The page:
More than three-quarters of HR professionals (79%) believe their company is diverse, according to new data from Clutch, the leading B2B ratings and reviews firm.

Despite the COVID-19 pandemic, 57% of employees say their company has become more diverse in the past year. Experts say this can be attributed to a more diverse American workforce overall and an increase in companies employing international workers.

Experts warn, however, that employees sometimes mistake their company having some diversity with having strong diversity. It is easy for people to overestimate their workplace’s diversity because people may think one employee of a different background represents the entire company, said Faizan Fahim, content marketing lead for ServerGuy, an IT company.

Employees believe their workplace is diverse, but they’re not the most objective or accurate judges.

Diversity Initiatives Can Still Be Prioritized During Remote Work

Almost three-quarters of employees (74%) believe their company is committed to improving diversity.

Fewer than 1 in 5 (19%) aren’t sure if their company is committed to diversity in 2020, and only 8% believe their company isn’t committed to creating a more diverse workplace this year.

Diversity plans can continue during the pandemic, despite challenges created by the COVID-19 business environment.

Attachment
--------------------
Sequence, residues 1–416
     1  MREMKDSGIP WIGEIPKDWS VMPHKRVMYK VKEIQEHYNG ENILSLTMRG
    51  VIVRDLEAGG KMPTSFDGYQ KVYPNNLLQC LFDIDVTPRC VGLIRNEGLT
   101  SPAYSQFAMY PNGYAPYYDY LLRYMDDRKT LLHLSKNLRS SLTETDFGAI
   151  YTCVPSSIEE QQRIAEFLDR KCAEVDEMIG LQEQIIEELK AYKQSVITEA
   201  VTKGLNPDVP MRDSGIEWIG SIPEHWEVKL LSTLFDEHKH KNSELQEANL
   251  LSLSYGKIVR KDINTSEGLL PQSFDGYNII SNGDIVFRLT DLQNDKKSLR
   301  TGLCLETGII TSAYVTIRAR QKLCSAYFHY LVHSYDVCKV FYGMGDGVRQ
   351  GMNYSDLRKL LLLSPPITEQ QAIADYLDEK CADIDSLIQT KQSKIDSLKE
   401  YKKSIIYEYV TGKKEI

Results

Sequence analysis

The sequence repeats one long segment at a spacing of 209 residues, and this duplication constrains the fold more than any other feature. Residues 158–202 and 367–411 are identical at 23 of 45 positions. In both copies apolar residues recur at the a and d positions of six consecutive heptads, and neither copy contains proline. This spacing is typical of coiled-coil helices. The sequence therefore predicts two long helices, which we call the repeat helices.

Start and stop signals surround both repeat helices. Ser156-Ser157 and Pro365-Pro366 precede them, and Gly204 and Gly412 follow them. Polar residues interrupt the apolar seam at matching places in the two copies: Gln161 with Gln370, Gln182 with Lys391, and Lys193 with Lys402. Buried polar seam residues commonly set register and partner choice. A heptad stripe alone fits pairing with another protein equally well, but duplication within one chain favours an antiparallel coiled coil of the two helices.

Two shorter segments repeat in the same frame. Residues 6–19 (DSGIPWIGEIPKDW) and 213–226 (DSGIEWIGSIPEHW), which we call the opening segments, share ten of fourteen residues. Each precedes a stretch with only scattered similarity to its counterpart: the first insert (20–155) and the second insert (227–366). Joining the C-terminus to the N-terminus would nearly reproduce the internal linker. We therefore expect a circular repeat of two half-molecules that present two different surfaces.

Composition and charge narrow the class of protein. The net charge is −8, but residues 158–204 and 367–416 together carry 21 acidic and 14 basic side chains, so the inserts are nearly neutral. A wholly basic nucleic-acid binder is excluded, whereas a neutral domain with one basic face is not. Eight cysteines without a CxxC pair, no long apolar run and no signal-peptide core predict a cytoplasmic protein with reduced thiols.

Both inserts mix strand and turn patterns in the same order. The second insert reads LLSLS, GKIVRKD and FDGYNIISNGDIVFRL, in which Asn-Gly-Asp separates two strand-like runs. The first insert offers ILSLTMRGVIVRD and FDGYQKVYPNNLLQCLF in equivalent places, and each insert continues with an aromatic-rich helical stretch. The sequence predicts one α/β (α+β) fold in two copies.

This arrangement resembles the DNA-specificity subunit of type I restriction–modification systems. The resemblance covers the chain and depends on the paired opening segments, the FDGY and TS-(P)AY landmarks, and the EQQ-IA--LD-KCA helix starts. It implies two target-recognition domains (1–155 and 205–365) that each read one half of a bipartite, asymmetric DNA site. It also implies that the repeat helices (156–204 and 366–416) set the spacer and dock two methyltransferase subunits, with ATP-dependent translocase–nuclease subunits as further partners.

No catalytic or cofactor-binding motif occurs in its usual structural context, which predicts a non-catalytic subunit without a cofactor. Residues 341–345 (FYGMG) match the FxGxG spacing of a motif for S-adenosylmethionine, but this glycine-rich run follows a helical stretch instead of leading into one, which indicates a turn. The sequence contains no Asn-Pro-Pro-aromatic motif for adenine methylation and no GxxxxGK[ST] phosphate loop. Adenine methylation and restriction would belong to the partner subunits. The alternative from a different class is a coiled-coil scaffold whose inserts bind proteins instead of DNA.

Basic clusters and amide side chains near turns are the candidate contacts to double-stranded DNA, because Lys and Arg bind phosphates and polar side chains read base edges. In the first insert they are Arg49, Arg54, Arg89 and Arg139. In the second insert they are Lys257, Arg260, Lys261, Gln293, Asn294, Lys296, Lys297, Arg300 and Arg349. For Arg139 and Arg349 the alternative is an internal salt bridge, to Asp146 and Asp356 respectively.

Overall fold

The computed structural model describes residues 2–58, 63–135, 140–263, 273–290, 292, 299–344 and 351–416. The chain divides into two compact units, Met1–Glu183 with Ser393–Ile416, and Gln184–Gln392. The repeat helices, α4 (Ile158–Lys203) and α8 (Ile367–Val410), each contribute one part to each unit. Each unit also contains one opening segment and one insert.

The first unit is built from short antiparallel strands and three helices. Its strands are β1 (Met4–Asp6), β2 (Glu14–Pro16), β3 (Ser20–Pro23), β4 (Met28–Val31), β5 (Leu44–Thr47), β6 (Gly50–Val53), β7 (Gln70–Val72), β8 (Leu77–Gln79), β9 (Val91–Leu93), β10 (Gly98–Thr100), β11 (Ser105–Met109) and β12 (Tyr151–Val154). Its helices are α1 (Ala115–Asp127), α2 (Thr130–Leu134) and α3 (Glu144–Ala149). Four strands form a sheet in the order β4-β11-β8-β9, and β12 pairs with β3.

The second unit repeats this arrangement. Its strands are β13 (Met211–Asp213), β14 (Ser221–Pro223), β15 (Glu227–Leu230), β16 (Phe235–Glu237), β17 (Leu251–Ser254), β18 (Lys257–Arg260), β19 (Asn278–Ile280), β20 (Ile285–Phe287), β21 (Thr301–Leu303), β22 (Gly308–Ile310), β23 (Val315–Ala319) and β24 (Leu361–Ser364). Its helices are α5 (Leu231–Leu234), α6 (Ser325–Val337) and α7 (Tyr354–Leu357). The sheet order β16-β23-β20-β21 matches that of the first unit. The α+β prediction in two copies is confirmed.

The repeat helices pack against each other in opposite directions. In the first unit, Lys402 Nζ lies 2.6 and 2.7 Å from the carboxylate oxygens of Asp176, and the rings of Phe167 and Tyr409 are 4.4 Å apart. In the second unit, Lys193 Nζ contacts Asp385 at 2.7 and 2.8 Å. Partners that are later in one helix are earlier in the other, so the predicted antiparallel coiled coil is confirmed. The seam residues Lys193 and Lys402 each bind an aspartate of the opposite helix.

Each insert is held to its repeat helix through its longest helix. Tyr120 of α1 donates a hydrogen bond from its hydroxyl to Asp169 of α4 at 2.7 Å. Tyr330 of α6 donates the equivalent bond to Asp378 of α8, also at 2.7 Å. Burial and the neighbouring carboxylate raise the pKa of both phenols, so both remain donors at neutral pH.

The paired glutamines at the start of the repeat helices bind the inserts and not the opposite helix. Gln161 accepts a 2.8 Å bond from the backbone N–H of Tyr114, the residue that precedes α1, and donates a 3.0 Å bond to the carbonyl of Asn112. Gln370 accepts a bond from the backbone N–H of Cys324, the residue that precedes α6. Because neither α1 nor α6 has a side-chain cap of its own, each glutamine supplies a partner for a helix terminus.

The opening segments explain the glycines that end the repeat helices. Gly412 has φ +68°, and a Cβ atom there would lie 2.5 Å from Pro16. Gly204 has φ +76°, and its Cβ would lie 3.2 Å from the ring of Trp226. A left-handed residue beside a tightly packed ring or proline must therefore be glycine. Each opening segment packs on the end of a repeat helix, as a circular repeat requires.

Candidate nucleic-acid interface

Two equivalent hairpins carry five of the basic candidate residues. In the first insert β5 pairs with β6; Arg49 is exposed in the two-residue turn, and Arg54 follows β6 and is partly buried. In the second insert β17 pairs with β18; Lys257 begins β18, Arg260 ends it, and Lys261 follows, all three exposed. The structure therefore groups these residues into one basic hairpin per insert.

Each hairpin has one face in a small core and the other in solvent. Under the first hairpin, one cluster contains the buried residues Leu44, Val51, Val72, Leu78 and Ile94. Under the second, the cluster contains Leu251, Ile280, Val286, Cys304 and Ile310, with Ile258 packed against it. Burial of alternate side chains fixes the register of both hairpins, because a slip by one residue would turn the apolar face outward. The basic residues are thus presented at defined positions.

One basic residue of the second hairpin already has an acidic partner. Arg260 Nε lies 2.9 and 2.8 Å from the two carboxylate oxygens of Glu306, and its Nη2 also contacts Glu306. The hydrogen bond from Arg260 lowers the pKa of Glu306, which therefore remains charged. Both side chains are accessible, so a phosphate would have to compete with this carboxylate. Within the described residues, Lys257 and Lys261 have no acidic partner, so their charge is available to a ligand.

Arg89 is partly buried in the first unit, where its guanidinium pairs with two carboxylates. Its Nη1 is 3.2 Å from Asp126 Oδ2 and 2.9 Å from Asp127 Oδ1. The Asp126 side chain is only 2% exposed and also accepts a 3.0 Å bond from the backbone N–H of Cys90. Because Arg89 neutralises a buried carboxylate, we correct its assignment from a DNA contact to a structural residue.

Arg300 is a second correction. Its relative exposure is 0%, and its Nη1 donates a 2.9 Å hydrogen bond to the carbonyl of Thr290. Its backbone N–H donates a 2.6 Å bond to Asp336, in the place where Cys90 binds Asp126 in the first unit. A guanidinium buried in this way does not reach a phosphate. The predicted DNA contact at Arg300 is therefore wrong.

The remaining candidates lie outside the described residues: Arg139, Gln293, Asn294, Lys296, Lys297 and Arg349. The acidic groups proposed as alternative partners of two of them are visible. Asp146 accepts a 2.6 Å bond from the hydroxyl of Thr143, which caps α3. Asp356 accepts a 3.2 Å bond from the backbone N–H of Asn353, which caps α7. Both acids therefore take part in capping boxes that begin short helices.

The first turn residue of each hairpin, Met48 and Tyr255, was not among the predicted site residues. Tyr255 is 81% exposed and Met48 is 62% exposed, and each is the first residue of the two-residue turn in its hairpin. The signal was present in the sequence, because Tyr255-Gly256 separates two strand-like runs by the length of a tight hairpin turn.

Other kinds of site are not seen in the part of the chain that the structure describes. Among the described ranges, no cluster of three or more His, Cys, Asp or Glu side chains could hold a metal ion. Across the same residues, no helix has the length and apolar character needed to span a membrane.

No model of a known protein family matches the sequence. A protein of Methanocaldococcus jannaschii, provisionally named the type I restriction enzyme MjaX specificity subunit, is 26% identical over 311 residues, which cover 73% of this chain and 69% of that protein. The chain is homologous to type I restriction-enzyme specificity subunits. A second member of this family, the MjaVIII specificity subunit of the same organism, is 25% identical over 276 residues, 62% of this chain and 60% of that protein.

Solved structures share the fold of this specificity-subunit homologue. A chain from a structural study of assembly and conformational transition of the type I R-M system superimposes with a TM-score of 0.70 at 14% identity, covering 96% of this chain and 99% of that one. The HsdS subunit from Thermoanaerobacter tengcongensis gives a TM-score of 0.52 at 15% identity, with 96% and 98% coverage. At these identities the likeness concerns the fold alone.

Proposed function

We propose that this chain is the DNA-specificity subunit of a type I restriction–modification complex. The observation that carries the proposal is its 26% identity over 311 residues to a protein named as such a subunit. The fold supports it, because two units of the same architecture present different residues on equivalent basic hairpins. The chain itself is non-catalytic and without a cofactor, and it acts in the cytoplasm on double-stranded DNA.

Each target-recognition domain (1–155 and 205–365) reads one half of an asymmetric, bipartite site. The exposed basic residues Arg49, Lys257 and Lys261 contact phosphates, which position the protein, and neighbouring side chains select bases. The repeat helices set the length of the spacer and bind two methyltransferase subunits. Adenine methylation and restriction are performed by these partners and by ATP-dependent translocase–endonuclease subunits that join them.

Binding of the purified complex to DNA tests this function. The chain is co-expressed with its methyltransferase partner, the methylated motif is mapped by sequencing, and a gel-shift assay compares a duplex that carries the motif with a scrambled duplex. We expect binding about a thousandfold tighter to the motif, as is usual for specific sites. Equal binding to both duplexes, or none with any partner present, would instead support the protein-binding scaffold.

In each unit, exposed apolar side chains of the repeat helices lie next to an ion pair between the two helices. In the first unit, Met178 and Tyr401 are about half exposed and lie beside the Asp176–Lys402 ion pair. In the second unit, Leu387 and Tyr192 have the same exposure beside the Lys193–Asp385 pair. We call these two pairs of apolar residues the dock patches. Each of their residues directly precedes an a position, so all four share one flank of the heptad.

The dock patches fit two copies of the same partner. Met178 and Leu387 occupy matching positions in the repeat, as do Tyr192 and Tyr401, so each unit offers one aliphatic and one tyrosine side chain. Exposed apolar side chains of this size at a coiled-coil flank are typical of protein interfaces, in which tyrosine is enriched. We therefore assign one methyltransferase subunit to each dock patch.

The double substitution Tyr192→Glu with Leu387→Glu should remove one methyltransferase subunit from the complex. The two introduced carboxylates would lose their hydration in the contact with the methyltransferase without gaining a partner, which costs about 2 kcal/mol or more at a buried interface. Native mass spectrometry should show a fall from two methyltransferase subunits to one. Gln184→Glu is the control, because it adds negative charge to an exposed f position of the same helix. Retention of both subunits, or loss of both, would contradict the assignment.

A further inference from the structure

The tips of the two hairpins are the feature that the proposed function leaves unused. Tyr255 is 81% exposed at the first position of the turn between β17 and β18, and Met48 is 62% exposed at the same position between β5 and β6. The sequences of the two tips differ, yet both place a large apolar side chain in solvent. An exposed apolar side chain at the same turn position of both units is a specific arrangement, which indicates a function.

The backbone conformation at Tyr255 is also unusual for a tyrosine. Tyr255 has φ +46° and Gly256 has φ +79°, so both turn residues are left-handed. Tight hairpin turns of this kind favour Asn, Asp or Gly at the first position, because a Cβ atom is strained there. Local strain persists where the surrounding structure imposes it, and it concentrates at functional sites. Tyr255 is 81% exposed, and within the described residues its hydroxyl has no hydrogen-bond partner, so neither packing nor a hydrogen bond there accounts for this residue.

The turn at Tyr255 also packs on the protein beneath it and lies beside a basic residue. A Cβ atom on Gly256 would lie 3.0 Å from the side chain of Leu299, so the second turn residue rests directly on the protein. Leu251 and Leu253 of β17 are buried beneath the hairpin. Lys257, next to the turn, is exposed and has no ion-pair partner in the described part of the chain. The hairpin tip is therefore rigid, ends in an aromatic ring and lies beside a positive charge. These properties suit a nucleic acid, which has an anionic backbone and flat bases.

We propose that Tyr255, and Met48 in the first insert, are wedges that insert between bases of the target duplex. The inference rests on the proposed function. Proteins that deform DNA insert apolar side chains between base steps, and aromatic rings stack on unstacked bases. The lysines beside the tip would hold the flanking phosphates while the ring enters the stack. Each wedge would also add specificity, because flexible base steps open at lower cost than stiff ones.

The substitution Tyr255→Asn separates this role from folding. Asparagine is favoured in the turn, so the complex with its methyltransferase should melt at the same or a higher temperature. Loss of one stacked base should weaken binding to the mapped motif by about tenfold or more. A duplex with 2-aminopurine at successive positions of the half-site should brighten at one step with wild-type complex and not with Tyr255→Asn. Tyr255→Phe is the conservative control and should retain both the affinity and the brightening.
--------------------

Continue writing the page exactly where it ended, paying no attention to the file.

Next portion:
Jessica Lambrecht, founder of The Rise Journey, a recruiting consultancy, emphasizes that growth and hiring can decrease while overall diversity goals remain the same.

“Our growth goals have been slowed due to the pandemic, so our hiring has slowed,” Lambrecht said. “But our [recruiting] plans remain the same: Continue to create an inclusive environment and find diverse candidates for the projects we have currently planned.”

New flexible work schedules allow for increased geographic and gender diversity. New mothers might work reduced or altered hours, and Lambrecht believes that the pandemic may provide businesses opportunities to improve remote work policies to hire and retain more diverse teams.

Female Leadership and LGBTQ Inclusion Aren’t Top Priorities for Employees

When pressed about specific goals for their workplace, employees don’t prioritize improving their company’s diversity.

Just 1 in 5 (20%) workers value hiring more women into leadership positions, and 17% value increased recruiting of underrepresented groups. Only 14% of employees value heightening LGBTQ awareness and sensitivity at their company.

The most popular diversity initiative is trainings, with 24% saying they would like employee diversity training and discussions at their workplace. Major firms such as Accenture, for example, advertise their inclusion and diversity programs, aiming to educate employees across their business about how to approach a diverse workplace.

From Accenture’s model, diversity inclusion programs in the workplace educate employees about diversity’s benefits, assist management with remote teams, and bolster the skills of traditionally underrepresented groups.

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